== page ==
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D-Day: Queen, others pay tribute to heroes

The Queen has paid tribute to the “heroism, courage and sacrifice” of those who died in the D-Day landings.
She was joined by 16 world leaders, including US President Donald Trump, in Portsmouth to commemorate the 75th anniversary of history’s largest combined land, air and naval operation.

Mr Trump, on the final day of his state visit to the UK, said D-Day “may have been the greatest battle ever”.
Veterans of the landings in Normandy to liberate western Europe also attended.
Quoting a broadcast by her father, King George VI, at the time of the operation in World War Two, the Queen said the veterans of D-Day demonstrated “more than courage and endurance”, showing “unconquerable resolve”.
“The fate of the world depended on their success,” she said. “Many of them would never return, and the heroism, courage and sacrifice of those who lost their lives will never be forgotten.”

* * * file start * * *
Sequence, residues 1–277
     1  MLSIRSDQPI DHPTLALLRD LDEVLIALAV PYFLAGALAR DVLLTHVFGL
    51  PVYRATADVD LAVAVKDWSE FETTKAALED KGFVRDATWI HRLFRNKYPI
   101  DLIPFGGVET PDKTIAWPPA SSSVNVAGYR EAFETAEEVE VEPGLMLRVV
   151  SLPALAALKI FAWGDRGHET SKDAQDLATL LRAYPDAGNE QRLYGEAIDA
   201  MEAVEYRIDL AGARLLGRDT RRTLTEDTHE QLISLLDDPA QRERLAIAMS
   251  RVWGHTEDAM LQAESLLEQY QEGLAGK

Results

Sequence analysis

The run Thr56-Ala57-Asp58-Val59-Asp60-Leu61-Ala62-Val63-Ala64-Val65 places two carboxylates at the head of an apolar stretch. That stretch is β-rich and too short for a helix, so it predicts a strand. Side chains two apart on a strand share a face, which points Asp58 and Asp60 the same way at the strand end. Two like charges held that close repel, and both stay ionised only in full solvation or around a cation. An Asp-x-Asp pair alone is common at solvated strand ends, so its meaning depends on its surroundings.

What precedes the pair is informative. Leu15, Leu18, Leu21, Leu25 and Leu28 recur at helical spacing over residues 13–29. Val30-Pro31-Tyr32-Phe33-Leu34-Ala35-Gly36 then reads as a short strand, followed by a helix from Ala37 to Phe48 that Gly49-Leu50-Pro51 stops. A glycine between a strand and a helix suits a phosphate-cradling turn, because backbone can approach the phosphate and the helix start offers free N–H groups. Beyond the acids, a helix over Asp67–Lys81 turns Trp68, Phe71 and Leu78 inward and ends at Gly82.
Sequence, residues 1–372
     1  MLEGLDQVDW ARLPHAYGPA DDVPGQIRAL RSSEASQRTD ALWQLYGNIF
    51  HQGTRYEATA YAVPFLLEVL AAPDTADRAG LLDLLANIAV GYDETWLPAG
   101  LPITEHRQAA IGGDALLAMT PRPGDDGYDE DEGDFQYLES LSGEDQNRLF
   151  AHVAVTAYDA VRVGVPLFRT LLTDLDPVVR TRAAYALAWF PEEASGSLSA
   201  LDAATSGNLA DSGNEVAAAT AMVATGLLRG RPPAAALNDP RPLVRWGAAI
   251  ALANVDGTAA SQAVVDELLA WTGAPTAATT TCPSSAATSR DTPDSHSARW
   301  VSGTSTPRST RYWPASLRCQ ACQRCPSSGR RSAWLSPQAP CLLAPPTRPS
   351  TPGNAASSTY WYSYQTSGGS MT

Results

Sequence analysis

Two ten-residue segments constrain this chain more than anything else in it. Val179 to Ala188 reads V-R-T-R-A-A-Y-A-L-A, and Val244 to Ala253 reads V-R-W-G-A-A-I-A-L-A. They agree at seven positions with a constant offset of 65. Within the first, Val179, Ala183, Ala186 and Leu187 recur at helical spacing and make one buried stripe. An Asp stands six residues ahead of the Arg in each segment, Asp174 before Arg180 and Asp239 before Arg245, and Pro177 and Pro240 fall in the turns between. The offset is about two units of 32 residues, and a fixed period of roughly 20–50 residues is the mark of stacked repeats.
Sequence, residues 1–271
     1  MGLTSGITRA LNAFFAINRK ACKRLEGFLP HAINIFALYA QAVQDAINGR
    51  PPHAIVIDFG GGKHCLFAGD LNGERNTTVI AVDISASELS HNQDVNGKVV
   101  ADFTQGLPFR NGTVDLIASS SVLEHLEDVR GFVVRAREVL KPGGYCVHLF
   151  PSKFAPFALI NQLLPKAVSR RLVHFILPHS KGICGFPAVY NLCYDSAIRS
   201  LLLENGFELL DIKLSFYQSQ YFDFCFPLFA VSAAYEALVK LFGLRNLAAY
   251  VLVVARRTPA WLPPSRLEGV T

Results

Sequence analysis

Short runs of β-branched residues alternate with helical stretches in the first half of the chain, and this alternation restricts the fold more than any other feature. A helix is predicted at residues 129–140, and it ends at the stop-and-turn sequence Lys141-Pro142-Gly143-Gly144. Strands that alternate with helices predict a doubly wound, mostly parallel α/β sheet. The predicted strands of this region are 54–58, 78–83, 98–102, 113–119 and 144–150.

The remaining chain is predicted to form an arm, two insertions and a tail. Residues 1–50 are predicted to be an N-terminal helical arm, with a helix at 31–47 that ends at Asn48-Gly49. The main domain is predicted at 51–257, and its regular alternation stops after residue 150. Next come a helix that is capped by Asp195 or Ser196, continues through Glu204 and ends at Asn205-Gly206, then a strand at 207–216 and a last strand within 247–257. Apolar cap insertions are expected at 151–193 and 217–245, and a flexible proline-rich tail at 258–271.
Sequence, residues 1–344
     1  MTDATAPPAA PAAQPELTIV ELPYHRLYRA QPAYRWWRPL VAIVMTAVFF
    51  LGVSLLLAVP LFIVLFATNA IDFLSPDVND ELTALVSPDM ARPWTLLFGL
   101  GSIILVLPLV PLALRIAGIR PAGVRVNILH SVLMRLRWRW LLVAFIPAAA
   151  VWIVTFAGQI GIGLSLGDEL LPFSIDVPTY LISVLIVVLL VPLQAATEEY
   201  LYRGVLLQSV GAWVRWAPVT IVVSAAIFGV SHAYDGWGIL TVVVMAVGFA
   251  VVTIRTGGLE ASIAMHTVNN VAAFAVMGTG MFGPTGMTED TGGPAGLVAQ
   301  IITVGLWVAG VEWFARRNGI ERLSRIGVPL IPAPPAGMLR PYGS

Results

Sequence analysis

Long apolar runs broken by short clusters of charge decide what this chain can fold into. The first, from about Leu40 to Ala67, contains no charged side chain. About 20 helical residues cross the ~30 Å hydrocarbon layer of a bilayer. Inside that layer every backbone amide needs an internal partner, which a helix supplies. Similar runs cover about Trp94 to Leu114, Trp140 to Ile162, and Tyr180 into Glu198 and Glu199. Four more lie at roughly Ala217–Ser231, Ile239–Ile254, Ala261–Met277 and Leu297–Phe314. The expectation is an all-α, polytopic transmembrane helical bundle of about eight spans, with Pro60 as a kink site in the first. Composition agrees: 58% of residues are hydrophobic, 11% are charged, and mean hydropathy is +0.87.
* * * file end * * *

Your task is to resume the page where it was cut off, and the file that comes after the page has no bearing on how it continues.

She thanked them “with humility and pleasure, on behalf of the entire country, indeed the whole free world”.
The countries represented at the event have agreed to make a joint statement pledging to ensure the “unimaginable horror” of the war is not repeated.
Called “the D-Day proclamation”, the 16 signatories – including the UK and the US – will commit to working together to “resolve international tensions peacefully”.
The countries represented at the event have agreed to make a joint statement pledging to ensure the “unimaginable horror” of World War Two is not repeated.
On Thursday, further memorial services are planned to mark the 75 years since the D-Day landings on 6 June 1944 – the start of the campaign to liberate Nazi-occupied north-west Europe.
BBC
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